The favored term for carbonated beverages is now carbonated soft drink, or simply soft drink, to differentiate them
Corn grits, corn flakes, corn starch, corn syrup, rice, milo, and sorghum. Ingredients used as adjuncts to dilute the barley malt; they are only a source of carbohydrates.
Enzyme. A protein, made by a living cell or organism, that catalyzes or promotes a chemical reaction. Most of the processes of life, and most of those in brewing, are mediated by enzymes.
Hops. The flower of a perennial vine Humulus lupulus grown in the United States only in Washington, Oregon, Idaho, and California. Many varieties exist, with differing aromas and bittering qualities. The United States grows the varieties called Clusters, Northern Brewer, Fuggles, Bullion, and Cascades.
Krauesen. A stage after primary fermentation in which about 15% by volume of freshly fermenting beer is added to beer that has completed its fermentation. The term, as a noun, is also used to describe the foamy head that appears on top of a fermenting tank at the height of fermentation.
Original gravity. The concentration of solids in the wort from which beer is made. In the United States and most other countries, the concentration is expressed in percent solids, or "Plato or "Balling (after the workers who laboriously determined these values). Thus a wort with 12% solids would be said to have a gravity of 12°P (or 12°B), and the beer made from it would be said to have an original gravity of 12°P. An analysis of beer permits you to calculate the original gravity of the wort from which it was made, without reference to the wort. In the United Kingdom, the concentration of solids in the wort is expressed as the actual specific gravity. A wort with 12% solids would have a specific gravity of 1.048 and would be said to have a gravity of ten forty-eight.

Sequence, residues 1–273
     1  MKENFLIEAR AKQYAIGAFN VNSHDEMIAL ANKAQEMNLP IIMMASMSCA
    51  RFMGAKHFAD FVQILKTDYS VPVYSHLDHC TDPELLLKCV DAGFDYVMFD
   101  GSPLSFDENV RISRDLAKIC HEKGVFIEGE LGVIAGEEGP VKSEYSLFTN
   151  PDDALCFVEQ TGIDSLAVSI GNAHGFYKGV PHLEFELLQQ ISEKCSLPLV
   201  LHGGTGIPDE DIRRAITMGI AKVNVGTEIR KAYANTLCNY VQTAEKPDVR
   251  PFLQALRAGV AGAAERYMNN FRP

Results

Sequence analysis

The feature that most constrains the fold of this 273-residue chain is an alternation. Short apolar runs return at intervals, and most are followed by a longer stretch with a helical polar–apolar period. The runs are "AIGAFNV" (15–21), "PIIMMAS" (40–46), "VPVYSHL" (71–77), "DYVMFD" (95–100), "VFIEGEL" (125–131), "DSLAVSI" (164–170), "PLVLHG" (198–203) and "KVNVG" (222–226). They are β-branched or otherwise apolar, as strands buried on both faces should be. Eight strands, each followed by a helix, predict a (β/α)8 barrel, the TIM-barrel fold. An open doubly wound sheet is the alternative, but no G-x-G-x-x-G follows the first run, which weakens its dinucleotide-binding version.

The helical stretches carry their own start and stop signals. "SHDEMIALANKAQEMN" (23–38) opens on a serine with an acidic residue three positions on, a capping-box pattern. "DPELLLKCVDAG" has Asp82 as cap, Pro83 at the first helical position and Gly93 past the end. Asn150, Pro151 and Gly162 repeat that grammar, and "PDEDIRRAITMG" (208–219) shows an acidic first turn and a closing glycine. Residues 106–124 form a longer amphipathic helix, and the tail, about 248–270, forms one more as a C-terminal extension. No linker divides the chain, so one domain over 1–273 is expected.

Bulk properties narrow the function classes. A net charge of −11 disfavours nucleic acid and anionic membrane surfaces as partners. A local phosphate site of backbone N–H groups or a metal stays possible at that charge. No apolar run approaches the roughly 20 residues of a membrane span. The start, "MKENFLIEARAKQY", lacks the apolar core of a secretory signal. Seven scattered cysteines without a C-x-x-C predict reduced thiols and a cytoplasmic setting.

Real extract. The actual percentage of solids in a beer, determined after removing the alcohol present.
Ruh. The period of rest between fermentation and filtration during which the beer clarifies itself and loses some harsh notes.
Wort. The liquid from which beer is made; a warm-water extract of malt and other grains.
Yeast. The microorganism that converts simple sugars to alcohol and carbon dioxide. Two types of yeast are used in brewing—Saccharomyces carlsbergensis for lager beers and S. cerevisiae for ales. Most brewers have their own strain of these yeasts. During a normal brewers fermentation, yeast multiplies three- to fourfold, yielding more than enough yeast for successive brews. Yeast also produces many compounds that have a marked influence on the flavor of the beer.
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